Not all data is equal. Recently, in a discussion of chiropractic, someone posted that a Pubmed study showed chiropractic to be better than placebo for back pain. That may be true, but the real question is how it does against current standard of care (if I remember correctly, that would be about equal). So, if I can take a months worth of muscle relaxants, at a Wal-Mart cost of $4, or go to a chiropractor for six sessions, at a $40 a pop, expecting the same outcome, which would I choose?

Each of the individual stories is problematic as well. Pete believes that his supplements kept his blood counts up during chemo. That may be so, of course it could also be that he is an otherwise healthy 44 year old, and statistically healthy 44 year old's handle Folfox pretty well. I know I took none of the supplements Pete did, am about 10 years older, have had significantly more chemo treatments and my blood counts have always stayed in the normal range. I happen to love hot dogs, so maybe it was the nitrates... (that is a joke folks, I do not believe nitrates helped my blood count). Think of it this way. If you met a 100 year old smoker, who claimed that smoking is what allowed him to reach that advanced age, would you take up smoking?

Eating healthy, maintaining a good weight, getting just the right amount of sun exposure all seem to reduce the risk of CRC, but they do not eliminate it. Some of those things seem to reduce the risk of recurrence for those who have had curative surgery, and given that those risks are naturally higher, the benefit is also naturally greater. Concurrently, none of those things will make it go away, and none are a substitute for early detection and surgery. There is no panacea or magic bullet that will cure mCRC.

laurettas
Posts: 372
Joined: May 2011

Had fun a little bit ago doing some Googling about our digestive system. Tried to get comparisons between herbivore, carnivore and human digestive systems and there were so many ideological sites that I really had to do some sifting to come up with some unbiased descriptions. Some even went so far as to state that humans have an alkaline digestive system similar to herbivores. Now then tell me why billions are spent on antACIDS, for pete's sake!!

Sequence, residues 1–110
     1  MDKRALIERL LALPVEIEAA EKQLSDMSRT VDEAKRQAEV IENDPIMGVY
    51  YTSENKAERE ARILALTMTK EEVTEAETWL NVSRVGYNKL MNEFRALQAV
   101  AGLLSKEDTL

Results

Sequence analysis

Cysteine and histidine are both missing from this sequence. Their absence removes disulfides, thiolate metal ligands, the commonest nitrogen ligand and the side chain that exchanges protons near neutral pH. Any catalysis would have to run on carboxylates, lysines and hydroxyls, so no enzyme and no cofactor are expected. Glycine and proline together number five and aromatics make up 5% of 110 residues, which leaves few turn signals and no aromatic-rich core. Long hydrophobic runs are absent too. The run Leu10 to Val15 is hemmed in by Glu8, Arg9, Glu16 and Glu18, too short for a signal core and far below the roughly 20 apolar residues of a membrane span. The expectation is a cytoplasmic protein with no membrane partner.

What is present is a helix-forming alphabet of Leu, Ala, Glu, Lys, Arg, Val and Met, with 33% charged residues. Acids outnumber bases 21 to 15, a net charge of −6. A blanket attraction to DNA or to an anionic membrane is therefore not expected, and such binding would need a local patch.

Anyhow my statement about vegetarians and colon cancer came from here:

http://www.ajcn.org/content/early/2009/03/11/ajcn.2009.26736M.abstract?maxtoshow=&HITS=10&hits=10&RESULTFORMAT=&author1=key&andorexactfulltext=and&searchid=1&FIRSTINDEX=0&sortspec=relevance&resourcetype=HWCIT

the longest web address I have ever seen!

As far as exercise, there are lots of articles coming out that state that exercise can prevent colon cancer as well, which is why I brought up all of the people on these sites that get cancer in spite of their abundant exercise. One could go so far as to hypothesize that since extreme exercise such as running causes blood vessel growth, it could contribute to the growth of the vascular system for tumors. Who knows?!

If I am going for personal stories, I will follow my own family. My grandfather and his siblings all died at around 90 years old. They smoked, drank, chewed tobacco, and were as ornery as all get out, not to mention extremely sedentary the last 20-30 years of their lives. And my grandmother used bacon grease as her "oil" all the time. I really need to develop some new habits because the only one I have down of all those is the ornery part ;-). It's too bad that tobacco is so darned expensive--I don't know if I can afford to begin those habits even if they are good for my health!

Buckwirth's picture
Buckwirth
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Your link, now live

Big study, and carries some weight. It is interesting that both groups had lower incidence than the general population, and that the veggies had higher incidence. For the purpose of the study, vegetarian and vegan were differentiated, but vegan was counted in the vegetarian number. It also noted that as a group, the vegetarians ate more cheese and drank more milk, so those could be contributing factors.

This study, and others before it with conflicting data, will need to be reviewed before we can say with any certainty that a vegetarian diet raises risk of CRC. It certainly flies in the face of what many on this board believe.


"Some even went so far as to state that humans have an alkaline digestive system similar to herbivores. Now then tell me why billions are spent on antACIDS, for pete's sake!!" 

This is a great example of people trying to make a complicated subject simple to further their own agendas.

The human digestive system is alkaline.

The human digestive system is acidic.

Which statement is true? Both. John23 can personally attest to the acidic nature of his digestive system, as can most who have experienced an ileostomy. Our stomachs are highly acidic, in fact to a point that the comparison to battery acid is a fair one. The pancreas works at the entrance to the ileum to begin neutralizing that acid, and the colon, the most alkaline part of our body, takes care of what acid remains, as well as processing fluids to keep us hydrated (among other things).